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National considerations for the Commission

WBS, The ShardThe vistas over London from Warwick Business School's facilities at 'The Shard' provided an appropriate backdrop for the Commission's 4th November National Policy Symposium. Attended by national and local stakeholders, this event, on the cusp of the Comprehensive Spending Review (CSR2015), considered how national policies and programmes might support University (UoW) contributions to Coventry, Warwickshire and the Midlands over 2015-20 and beyond.

For the university sector as a whole, the symposium agreed future research impact (REF) exercises should recognise and reward local and regional impact, and encourage 'trans-disciplinary' approaches to tackling societal challenges. This is in the face of speculation that research investment allocations may be reduced, will continue to be (vertically) disciplinary in character, and may increase prioritisation of international activity at the expense of the local.

There was an interesting discussion on how CSR fiscal policies might stimulate financial innovation between university and other parts of the (local) public state. Future approaches to business rates localisation, to capital-revenue funding exchanges, and to the anticipated evolution of a number of grant instruments into loans, need to be positioned as opportunities for increasing local and regional university impact. Universities may be well-placed as future developers of social investment models.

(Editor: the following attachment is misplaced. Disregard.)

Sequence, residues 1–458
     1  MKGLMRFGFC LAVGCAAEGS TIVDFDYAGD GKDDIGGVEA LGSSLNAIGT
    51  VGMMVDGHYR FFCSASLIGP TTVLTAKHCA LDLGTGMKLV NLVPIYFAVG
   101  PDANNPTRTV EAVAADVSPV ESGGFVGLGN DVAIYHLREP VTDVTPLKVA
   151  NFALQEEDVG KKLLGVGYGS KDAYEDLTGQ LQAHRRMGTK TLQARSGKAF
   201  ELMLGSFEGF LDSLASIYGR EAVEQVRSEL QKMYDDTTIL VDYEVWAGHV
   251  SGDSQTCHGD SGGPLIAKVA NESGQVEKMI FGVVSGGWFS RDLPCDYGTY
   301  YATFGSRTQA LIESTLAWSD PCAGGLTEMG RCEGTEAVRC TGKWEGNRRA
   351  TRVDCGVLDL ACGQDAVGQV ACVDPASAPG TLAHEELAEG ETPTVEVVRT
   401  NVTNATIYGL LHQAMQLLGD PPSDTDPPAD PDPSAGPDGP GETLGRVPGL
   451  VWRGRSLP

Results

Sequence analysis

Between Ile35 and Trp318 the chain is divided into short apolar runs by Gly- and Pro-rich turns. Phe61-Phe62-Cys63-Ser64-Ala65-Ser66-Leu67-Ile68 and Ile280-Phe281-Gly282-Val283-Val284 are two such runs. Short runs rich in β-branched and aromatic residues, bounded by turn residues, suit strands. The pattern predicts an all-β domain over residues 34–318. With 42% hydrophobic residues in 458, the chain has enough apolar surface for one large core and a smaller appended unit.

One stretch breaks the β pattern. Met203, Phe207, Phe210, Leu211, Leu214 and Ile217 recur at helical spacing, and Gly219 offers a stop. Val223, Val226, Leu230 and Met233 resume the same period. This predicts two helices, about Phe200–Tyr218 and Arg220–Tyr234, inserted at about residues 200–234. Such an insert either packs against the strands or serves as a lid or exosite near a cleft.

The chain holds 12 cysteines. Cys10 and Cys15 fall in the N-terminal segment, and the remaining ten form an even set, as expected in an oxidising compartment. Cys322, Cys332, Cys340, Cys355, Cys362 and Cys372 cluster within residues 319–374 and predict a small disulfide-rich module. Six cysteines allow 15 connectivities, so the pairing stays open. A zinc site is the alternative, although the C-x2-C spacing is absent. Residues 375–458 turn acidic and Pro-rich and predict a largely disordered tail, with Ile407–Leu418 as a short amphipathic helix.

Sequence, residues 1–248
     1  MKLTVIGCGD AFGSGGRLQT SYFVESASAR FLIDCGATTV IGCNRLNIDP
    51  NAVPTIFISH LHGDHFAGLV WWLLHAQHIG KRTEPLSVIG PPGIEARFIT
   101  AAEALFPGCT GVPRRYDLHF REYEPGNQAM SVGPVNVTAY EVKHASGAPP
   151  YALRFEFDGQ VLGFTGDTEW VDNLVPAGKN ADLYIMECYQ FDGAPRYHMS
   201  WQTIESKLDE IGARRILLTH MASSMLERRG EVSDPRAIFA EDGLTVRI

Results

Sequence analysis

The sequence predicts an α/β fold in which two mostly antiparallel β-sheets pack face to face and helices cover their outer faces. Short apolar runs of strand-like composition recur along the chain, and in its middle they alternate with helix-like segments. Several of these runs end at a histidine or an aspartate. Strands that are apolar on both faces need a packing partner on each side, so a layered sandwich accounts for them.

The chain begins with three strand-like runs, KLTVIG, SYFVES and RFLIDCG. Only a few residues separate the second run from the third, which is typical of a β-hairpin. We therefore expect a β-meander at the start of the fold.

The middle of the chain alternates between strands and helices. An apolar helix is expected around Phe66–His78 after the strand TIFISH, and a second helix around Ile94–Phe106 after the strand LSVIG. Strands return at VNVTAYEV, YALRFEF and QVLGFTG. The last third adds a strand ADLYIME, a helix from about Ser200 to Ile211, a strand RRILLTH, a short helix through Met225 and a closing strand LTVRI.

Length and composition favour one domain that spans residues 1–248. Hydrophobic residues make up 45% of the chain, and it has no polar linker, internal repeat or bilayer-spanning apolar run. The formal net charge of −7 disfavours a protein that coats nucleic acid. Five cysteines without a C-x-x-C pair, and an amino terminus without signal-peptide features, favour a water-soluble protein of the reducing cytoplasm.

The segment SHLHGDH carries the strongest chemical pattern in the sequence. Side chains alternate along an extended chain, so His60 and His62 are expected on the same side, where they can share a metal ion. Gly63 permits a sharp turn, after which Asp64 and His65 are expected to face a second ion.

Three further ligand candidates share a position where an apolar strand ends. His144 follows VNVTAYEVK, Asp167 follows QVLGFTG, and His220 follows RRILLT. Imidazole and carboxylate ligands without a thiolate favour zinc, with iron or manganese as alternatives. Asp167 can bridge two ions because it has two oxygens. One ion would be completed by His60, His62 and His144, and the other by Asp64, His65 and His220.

In terms of economic geographies, the symposium hoped, post-CSR, for greater clarity of 'devo end-games', and for incentives to support 'cross-boundary' collaboration (at a number of levels). What roles and functions are likely to be 'in-scope' for what scales of geography and governance? At a very practical level, for instance, current deconstruction of EU structural fund programmes across 39 Local Enterprise Partnerships (LEPs) makes a 'Midlands Engine', or even a West Midlands Combined Authority (WMCA) integrated programme extremely challenging.

At a national level, notwithstanding its migration ambitions, Government needs to find policy solutions that assist UoW and its local and regional geographies to attract and retain global 'talent'.

Whilst CSR2015 may provide greater clarity of direction of travel to 2020 (at headline levels), delivering optimum local and regional impact requires coherent UoW, local and regional responses.

Proactively building and supporting local and regional leadership team(s); being more explicit in targeting local impact (and outreach) agreed with partners; being much better at telling the story of what UoW is already doing; are three proposed UoW priorities the Commission should discuss further, and elaborate in our final recommendations. These types of recommendations need to be operable in numerous multi-university alliances - from the 'Midlands Innovation' group of Midlands research intensive higher education institutions (HEIs), to the 21 HEIs across the 'Midlands Engine'; from the multiple WMCA HEIs, to the co-anchor roles of UoW and Coventry University (CU) at city and LEP levels.

As one would expect, discussions across the breadth of national policy and local responsibilities, compels consideration of the 'values' of the university, what universities exist for, and how these value systems can be operationalised.

Interestingly, each of the city, sub-regional and national hearings have rejected simplistic trade-offs of global research and teaching excellence on the one hand, with local and regional impact on the other.

The challenge for the Commission, going forward, is to capture this win-win 'world view' in our final report findings, with a set of practical, deliverable, recommendations. The challenge for broader local and regional leadership teams is to continue national-local dialogue post 25 November CSR announcements. We need to ensure that the national policy context can enable and support win-win university - local - regional collaboration.

David Marlow
November 2015